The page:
Emailed August 2011
To Steve Brine,
I live in *********** in Winchester (****** **** ******). I'm a Mum of two and suffer from a chronic, disabling mood disorder called Premenstrual Dysphoric Disorder. I run two facebook support groups for women all over the world who suffer from this condition. I also write a blog about my disorder, which won an award last year for being in the top ten PMS blogs. www.meetmypmdd.blogspot.com
From all my research and reading, what comes to light is the complete nightmare any woman, where ever she lives in the world, to get diagnosed. It can take years for the penny to drop that the mood swings and depression are cyclical with the menstrual cycle. When that realisation is made, the woman has often already been living with the diagnosis of depression or Bi-polar, and been receiving the wrong treatment.
I can speak from experience that when you find out there is a name for what you go through every day, it is a huge relief, which is then followed by endless trips to different health professionals who quite literally don't know what to do with you. The GP referred me to mental health as my symptoms brings on a dysphoric mood, depression, suicidal ideation. The mental health team say as it's hormonal you should see a Gynaecologist, they try to help where they can, but essentially, you then end up with a trip to the Gynaecologist with mental health symptoms and no one knows what they are doing! I could go on, but I don't want to bore you with all the details.. not unless it was over a cup of tea!
What I have realised is that PMDD is not recognised in the World Health Organization's - International Classification of Diseases. I have heard many stories of doctors who tell their patients that PMDD doesn't exist, and this is just devastating to a woman who has finally found (through sometimes months or years of research) a name for their illness. I did a story last November in the Daily Echo about my condition, to try and help raise awareness. So many women are out there suffering in silence, misunderstood, and so are their husbands, boyfriends, children and parents. That is if you are lucky enough to be able to keep hold of your relationships. One common theme is that many women find themselves single their whole lives, too afraid to get into relationships. Family relations can be equally difficult.
I have many things I want to do with my life, but my focus is often pulled back to my disorder and therefore, writing about it and raising awareness becomes something I can do, to hopefully help other women. I would feel like my life wasn't wasted to this disorder, and that I had managed to achieve something despite the PMDD.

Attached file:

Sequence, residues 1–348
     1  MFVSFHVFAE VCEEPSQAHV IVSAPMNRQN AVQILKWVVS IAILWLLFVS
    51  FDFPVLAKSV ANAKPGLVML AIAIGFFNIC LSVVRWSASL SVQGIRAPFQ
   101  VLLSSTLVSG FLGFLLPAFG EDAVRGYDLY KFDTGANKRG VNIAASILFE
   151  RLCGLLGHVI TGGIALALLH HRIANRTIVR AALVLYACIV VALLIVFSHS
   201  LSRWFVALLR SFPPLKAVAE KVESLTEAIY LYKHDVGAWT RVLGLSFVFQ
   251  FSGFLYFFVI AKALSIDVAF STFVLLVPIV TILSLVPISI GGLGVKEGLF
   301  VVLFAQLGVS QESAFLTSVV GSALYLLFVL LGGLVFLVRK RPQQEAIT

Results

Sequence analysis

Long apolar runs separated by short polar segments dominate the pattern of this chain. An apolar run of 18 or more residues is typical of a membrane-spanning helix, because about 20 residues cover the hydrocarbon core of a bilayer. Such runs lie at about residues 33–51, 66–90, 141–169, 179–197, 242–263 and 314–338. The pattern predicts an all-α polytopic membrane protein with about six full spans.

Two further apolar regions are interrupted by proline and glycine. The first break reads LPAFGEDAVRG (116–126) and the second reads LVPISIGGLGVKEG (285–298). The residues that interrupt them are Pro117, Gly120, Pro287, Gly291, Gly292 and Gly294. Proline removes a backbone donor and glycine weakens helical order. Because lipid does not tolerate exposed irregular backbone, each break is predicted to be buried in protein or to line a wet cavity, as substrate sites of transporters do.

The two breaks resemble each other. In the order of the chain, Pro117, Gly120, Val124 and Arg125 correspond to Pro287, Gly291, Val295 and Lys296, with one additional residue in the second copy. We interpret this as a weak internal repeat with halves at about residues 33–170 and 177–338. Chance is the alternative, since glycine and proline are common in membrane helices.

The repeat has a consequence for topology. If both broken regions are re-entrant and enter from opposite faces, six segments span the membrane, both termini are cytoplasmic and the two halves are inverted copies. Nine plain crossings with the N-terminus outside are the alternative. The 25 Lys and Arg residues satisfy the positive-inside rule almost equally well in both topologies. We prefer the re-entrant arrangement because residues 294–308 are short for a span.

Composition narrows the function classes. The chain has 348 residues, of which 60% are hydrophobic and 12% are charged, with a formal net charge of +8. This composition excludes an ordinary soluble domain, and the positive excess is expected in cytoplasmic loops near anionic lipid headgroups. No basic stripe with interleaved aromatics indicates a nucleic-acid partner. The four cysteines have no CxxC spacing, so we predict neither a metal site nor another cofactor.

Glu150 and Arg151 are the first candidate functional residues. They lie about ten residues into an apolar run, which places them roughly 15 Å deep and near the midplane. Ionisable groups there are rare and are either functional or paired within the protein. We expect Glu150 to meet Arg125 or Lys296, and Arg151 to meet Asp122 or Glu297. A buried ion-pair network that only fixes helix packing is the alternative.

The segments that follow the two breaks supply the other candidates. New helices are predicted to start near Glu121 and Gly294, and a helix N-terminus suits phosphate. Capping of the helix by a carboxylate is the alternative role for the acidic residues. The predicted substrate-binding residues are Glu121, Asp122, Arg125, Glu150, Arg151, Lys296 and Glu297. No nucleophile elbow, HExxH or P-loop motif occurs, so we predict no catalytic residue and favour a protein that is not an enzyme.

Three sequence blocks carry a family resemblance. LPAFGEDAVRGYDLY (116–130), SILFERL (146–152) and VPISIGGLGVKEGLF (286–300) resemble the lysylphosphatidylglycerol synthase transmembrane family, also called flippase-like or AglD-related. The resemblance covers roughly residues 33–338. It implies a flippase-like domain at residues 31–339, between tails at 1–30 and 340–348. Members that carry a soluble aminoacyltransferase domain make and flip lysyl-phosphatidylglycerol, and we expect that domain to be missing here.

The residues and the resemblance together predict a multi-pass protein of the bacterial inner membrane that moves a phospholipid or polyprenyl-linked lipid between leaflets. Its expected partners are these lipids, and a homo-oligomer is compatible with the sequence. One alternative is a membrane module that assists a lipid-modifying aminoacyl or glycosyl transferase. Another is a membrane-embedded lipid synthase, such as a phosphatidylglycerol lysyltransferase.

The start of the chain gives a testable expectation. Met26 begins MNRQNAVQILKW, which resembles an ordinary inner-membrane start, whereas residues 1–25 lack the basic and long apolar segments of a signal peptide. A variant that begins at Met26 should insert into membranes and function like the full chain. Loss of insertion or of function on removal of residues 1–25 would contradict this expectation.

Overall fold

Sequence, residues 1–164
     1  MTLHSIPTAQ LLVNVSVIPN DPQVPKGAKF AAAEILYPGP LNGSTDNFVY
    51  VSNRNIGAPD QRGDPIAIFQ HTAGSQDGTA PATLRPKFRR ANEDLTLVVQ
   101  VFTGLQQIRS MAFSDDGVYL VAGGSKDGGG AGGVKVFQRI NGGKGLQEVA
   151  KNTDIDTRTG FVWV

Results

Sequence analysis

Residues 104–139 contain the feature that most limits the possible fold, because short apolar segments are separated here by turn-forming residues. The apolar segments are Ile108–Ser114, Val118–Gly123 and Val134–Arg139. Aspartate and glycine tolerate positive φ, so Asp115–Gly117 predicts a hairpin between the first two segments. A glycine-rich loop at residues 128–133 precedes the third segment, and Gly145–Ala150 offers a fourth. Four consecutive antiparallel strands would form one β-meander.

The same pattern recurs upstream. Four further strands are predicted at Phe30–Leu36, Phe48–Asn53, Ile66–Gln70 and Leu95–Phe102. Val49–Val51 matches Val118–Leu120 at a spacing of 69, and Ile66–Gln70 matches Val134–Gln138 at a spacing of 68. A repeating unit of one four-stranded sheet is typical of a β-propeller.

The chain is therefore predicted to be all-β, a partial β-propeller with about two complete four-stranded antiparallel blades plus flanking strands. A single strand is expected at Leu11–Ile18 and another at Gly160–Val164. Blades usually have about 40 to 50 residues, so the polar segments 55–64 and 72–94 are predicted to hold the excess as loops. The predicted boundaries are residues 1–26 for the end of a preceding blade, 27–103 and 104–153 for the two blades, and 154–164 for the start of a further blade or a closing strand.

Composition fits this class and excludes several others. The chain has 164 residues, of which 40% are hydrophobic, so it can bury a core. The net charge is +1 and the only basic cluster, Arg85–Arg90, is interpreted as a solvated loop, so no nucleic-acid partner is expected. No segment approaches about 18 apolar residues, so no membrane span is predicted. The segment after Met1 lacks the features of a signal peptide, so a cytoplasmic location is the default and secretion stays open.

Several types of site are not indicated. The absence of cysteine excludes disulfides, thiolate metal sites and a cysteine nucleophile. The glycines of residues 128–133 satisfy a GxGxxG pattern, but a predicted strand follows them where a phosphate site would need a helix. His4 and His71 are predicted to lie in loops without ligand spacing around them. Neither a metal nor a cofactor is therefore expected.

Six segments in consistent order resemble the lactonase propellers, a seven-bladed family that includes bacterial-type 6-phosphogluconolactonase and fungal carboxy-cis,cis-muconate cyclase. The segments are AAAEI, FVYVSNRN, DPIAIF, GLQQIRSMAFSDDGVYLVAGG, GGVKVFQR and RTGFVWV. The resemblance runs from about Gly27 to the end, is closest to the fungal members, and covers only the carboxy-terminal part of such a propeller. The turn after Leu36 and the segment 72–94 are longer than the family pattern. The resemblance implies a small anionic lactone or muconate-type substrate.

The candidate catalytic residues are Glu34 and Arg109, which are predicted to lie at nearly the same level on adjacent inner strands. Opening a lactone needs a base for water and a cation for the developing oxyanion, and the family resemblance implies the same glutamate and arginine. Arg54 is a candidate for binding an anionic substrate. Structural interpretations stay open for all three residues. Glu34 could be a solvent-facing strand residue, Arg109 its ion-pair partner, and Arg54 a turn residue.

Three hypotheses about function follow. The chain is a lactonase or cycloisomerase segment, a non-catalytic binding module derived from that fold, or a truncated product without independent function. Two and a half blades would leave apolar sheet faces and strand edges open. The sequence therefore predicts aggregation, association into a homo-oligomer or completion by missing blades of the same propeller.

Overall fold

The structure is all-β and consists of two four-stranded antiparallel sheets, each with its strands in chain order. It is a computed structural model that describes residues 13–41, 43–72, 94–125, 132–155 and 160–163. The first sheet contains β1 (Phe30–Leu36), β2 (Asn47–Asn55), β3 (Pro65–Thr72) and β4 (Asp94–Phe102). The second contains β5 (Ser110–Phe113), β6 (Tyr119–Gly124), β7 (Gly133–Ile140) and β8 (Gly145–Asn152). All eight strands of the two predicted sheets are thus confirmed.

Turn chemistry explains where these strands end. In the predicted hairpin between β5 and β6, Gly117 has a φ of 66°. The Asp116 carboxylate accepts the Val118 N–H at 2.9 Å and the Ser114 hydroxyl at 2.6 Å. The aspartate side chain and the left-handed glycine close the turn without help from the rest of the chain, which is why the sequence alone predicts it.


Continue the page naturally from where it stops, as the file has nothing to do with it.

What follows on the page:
We need this disorder to be recognised in the ICD. On the WHO website, it says an 11th revision is due out in 2015. If Premenstrual Dysphoric Disorder were to be included in that book it would change the life of many many women. If it was finally recognised as a chronic mood disorder, women would be able to get help quicker and GP's would know what treatment guidelines to follow. To suffer with an illness that literally makes you feel like you are completely insane on a monthly basis, and then find out that the name you have found for it isnt actually recognised by anyone is truly devastating. It makes the long struggle to find treatment that works for you, an extremely stressful, lonely and soul destroying journey.
PMDD often stops women from being able to hold down employment, yet it is not recognised as a disabling condition. Stress is a major factor in PMDD, and most suffers try to avoid any type of stress. Being a mother with PMDD is very hard, let alone trying to hold down a job as well. PMDD needs to be recognised as a disabling condition.
If I had Bi-polar, people would be more understanding, because they have heard of that, it exists, it is listed in the ICD. Premenstrual Dysphoric Disorder is often mis-diagnosed as Bi-polar as the two conditions are similar. The main difference is, a person suffering with Bi-polar, will have relatively 'normal' periods of life between episodes of highs and lows. A woman with PMDD suffers on a monthly basis, often at ovulation as well as menstruation. I was taken to hospital (for the second time) in an ambulance only 2 weeks ago with Mittelschmurz, agonising ovulation cramps. This means that when you have PMDD, you are plagued by symptoms all month long... if you are lucky, you get 10 days when you feel normal. By normal I mean, you feel like the person you are, you feel together and able to cope with life, smile and laugh even. The other 20 days are phases of mental and physical symptoms, and the constant management of these. Women with PMDD go through this nightmare 12 times a year, every year. I have had this condition since I was 13. I am now 34.
I hope, that you will be able to help raise this issue with the right people. This is a global issue, as well as a local one. Women are in desperate need of recognition and help ALL over the world...
Thank you for your time, I hope to hear from you soon.
Many RegardsCat Stone
I met Steve Brine in August 2011. He has since raised this issue with Anne Milton MP Parliamentary under Secretary for the Department of Health. Today I wrote to the WHO and my MEP's (Member of European Parliament). Look out for my next blog on how you can help get PMDD into the ICD and change the lives of sufferers world wide.
All it takes is a letter.